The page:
Finding the right path
- August 02, 2019
Getting companies involved in reman is vital for the future of the industry. Tanya Tsui, researcher in climate design & sustainability at TU Delft, explains how the new Remanpath project will help.
Remanpath aims to give courses that introduce and promote remanufacturing to companies. Currently, European remanufacturing activity is only around 2% of equivalent manufacturing activity - even though this number could be significantly increased in the future. To make that increase possible, the competence of companies needs to be developed, particularly with small‐ to medium‐sized manufacturing firms. The Remanpath project therefore aims to develop, pilot and hold educational courses for employees of those sorts of companies. The aim of the course is for people to identify their firm’s own competence development paths, and devise innovative business models, in order to start remanufacturing products into something new and valuable.
The Remanpath course is a half-day event which includes lectures, company case presentations and exercises, allowing participants to work together and share ideas. The target participants are manufacturing firms who do not yet remanufacture their products, industrial sector bodies and consultants. The learning material is built not only to be used individually but also as the basis for collaborative activities, and allows participants to imagine solutions their company could use to apply remanufacturing to their business.
Pilot courses have been held in five countries: Finland, Germany, UK, Netherlands and France. The courses were well received, and participants came from a diverse set of industries – from automotive to construction and product design. Currently, the learning materials are being refined in the light of comments from the participants and key findings at the pilot courses. More courses will be held later in 2019 using the improved learning material.
What we learned
The most important insight that was gained from the Remanpath workshop is that most participants were interested in knowledge related to business and management for remanufacturing. From questionnaires, it was discovered that the majority of participants were interested in learning more about the business of remanufacturing - such as business models, marketing, pricing, managing competition - and the logistics and management of remanufacturing, such as reverse logistics and information management.
During the pilot courses, participants commented that, while they could have skills to solve the technical problems of remanufacturing, they lacked the business and management skills needed to start remanufacturing activity in their own company. During a pilot course, a manufacturing SME found out that remanufacturing is technically possible for their company, but is much more challenging in terms of business and management. Although the employees of this company have the skill to remanufacture cores to an as-new quality, they do not have knowledge or skills in reverse logistics and information management – two important skills for remanufacturing.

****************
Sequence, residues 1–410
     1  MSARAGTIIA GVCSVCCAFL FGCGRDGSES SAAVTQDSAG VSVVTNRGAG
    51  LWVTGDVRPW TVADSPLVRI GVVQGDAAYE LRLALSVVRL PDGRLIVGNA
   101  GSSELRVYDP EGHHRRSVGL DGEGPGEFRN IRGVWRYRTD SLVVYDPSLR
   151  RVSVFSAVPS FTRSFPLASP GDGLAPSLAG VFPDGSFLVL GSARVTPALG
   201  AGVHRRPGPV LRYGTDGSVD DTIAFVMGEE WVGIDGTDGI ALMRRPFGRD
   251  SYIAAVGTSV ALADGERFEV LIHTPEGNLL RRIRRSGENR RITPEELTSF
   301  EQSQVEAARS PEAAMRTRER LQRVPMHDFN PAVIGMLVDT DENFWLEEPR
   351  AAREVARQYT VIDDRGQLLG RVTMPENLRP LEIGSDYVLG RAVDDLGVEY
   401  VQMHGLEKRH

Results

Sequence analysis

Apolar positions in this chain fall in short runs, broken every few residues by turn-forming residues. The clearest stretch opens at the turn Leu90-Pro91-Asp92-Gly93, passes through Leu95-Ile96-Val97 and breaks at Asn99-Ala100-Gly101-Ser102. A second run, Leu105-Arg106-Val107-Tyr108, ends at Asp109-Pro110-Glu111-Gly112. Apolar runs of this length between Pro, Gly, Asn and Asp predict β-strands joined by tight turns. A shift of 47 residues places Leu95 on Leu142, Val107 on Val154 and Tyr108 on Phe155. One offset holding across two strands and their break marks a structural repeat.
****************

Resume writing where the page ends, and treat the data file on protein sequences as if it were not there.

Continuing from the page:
Participants of the pilot courses also found that the design of their product was a barrier to remanufacturing. Components of products are often bound together by adhesives, which makes them difficult to disassemble. The different versions of products often use different dimensions, making them difficult to upgrade and modify during the remanufacturing process. Incorporating the objectives of remanufacturing directly in the design process would greatly increase the ease of remanufacturing products at their end of life.
It was also surprising to find that remanufacturing is a mostly unknown subject in many industries, despite its economic and environmental benefits. In the Delft pilot course in the Netherlands, participants were mainly from the façade manufacturing industry. Most participants of the course were unaware of the term ‘remanufacturing’ before they joined the course, even though they were interested in how their companies could position themselves within the circular economy. Even though façade products are very suitable for remanufacturing (long lifetimes, high value, produced in high quantities), the participants of the pilot course were unaware of the option of remanufacturing their own products. It seems that the idea of remanufacturing is stuck in the automotive and aerospace industries, and isn’t spreading to other industries as well.
Finally, what has pleasantly surprised and impressed the team of academic researchers behind the Remanpath project is the enthusiasm of our corporate participants. They were open, enthusiastic and eager to share their ideas. They appreciated working with academics, and creating more opportunities for exchange. As researchers working in an academic environment, it is inspiring to see that companies are interested and willing to collaborate with academia on topics of sustainability, circular economy and remanufacturing.